Reply
  67. Loved this post!! My hubby and I always loved Faulty Towers and Keeping Up Appearances with Hyacinth “Bucket” which she always insisted was pronounced “bouquet” and going way back there was a comedy called On the Buses. I guess I like the British sense of humour best. Absolutely Fabulous can be funny at times as well. Thanks for the walk down memory lane!!

    Reply
  68. Loved this post!! My hubby and I always loved Faulty Towers and Keeping Up Appearances with Hyacinth “Bucket” which she always insisted was pronounced “bouquet” and going way back there was a comedy called On the Buses. I guess I like the British sense of humour best. Absolutely Fabulous can be funny at times as well. Thanks for the walk down memory lane!!

    Reply
  69. Loved this post!! My hubby and I always loved Faulty Towers and Keeping Up Appearances with Hyacinth “Bucket” which she always insisted was pronounced “bouquet” and going way back there was a comedy called On the Buses. I guess I like the British sense of humour best. Absolutely Fabulous can be funny at times as well. Thanks for the walk down memory lane!!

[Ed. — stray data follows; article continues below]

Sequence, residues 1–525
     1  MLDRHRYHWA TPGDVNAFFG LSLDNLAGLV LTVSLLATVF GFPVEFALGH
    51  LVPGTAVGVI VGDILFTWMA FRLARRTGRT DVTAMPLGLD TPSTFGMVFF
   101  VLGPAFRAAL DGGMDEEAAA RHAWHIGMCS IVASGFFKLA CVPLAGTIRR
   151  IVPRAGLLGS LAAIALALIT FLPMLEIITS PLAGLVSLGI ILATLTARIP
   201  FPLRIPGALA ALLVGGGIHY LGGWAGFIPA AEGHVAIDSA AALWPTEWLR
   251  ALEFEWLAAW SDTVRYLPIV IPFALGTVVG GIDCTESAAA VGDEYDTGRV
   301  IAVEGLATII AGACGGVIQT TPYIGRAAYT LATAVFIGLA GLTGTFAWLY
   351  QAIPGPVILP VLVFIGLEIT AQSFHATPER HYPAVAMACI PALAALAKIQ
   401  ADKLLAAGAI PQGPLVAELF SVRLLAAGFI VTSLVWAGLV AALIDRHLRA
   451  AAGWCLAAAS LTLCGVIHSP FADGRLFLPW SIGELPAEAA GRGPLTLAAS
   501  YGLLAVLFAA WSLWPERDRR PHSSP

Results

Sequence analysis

Reply
  70. Loved this post!! My hubby and I always loved Faulty Towers and Keeping Up Appearances with Hyacinth “Bucket” which she always insisted was pronounced “bouquet” and going way back there was a comedy called On the Buses. I guess I like the British sense of humour best. Absolutely Fabulous can be funny at times as well. Thanks for the walk down memory lane!!

    Reply
  71. Alice, how could I have left Georgette Heyer off the list! I adore her humour. It’s quite rare to find authors who are exactly on your humour wavelength, but she is on mine. Or vice versa. Thanks for the reminder.

    Reply
  72. Alice, how could I have left Georgette Heyer off the list! I adore her humour. It’s quite rare to find authors who are exactly on your humour wavelength, but she is on mine. Or vice versa. Thanks for the reminder.

    Reply
  73. Alice, how could I have left Georgette Heyer off the list! I adore her humour. It’s quite rare to find authors who are exactly on your humour wavelength, but she is on mine. Or vice versa. Thanks for the reminder.

    Reply